This article was originally published in issue 57 of The Crypt Mag
Gamma, represented by the Greek letter , can be described as the relationship between an input and the resulting output. For the scope of this article the input will be the RGB intensity values of an image.
The relationship in this case between the input and output is that the output is proportional to the input raised to the power of gamma. The formula for calculating the resulting output is as follows:
To illustrate, here are a few gamma curves:
Note that with a gamma of 1 the input equals the output producing a straight line.
For calculating gamma correction the input value is raised to the power of the inverse of gamma. The formula for this is as follows:
The following graph shows a comparison between the gamma curve and the gamma correction curve:
In pseudo-code performing gamma correction would go something like this:
gammaCorrection = 1 / gamma colour = GetPixelColour(x, y) newRed = 255 * (Red(colour) / 255) ^ gammaCorrection newGreen = 255 * (Green(colour) / 255) ^ gammaCorrection newBlue = 255 * (Blue(colour) / 255) ^ gammaCorrection PutPixelColour(x, y) = RGB(newRed, newGreen, newBlue)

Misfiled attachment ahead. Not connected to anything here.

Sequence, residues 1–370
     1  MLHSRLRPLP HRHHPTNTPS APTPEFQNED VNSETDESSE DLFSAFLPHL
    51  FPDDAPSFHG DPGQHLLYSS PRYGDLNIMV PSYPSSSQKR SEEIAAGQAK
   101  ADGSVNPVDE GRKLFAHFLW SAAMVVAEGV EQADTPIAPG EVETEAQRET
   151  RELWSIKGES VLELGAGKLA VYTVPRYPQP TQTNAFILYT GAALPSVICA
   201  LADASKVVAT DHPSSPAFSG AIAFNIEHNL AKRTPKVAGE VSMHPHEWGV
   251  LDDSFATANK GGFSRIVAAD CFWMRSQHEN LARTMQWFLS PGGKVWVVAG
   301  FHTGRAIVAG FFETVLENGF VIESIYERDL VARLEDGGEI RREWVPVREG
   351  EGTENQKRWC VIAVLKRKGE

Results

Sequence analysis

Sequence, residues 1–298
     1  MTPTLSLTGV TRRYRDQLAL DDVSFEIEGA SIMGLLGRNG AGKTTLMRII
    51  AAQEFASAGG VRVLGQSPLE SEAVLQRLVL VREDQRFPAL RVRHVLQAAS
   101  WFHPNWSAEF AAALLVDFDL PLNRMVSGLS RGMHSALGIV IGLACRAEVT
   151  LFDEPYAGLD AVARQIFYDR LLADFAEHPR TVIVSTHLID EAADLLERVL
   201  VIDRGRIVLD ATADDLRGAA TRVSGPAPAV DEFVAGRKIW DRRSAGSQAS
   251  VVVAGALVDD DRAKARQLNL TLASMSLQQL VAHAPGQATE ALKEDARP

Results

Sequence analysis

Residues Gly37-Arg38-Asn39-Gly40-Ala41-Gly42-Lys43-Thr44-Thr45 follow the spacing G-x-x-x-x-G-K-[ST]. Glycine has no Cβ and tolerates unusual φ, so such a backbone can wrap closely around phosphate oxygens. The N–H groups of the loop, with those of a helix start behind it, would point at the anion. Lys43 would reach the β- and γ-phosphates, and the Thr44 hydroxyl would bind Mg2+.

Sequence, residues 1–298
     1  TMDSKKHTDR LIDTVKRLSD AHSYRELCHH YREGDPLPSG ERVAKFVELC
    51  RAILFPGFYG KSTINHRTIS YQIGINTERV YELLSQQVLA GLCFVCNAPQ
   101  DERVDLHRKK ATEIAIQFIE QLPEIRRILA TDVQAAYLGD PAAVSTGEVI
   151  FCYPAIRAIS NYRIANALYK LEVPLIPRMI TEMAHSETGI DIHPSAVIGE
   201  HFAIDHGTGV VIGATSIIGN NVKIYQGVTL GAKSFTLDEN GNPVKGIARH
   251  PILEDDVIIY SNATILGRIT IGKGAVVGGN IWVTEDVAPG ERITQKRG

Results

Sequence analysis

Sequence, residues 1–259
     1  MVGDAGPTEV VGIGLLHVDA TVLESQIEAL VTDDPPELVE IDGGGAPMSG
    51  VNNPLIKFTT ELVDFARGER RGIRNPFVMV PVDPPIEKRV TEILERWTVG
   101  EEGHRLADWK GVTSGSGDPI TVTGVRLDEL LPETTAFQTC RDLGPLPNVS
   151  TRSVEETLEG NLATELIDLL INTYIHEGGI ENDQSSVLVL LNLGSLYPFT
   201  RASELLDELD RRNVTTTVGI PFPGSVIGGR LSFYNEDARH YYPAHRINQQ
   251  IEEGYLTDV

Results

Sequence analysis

The range of values used for gamma will depend on the application, but personally I tend to use a range of 0.01 to 7.99.
Here we have the ‘Lena’ and ‘Mandrill’ images which have had the gamma corrected using a gamma of 0.25 and 2.00:
There have been a few people that have had trouble getting this algorithm to work properly. The following tip has been provided by Felix in the comments below, but I have reiterated here:
The algorithm works great. A notice for those who code in static type languages, all variables used in the formula must be double type (even if they contain integers), and all integer constants (such as 255) must be written in double type (255.0).
Thanks for the tip Felix! 🙂
Article copyright © 2008, 2010 Francis G. Loch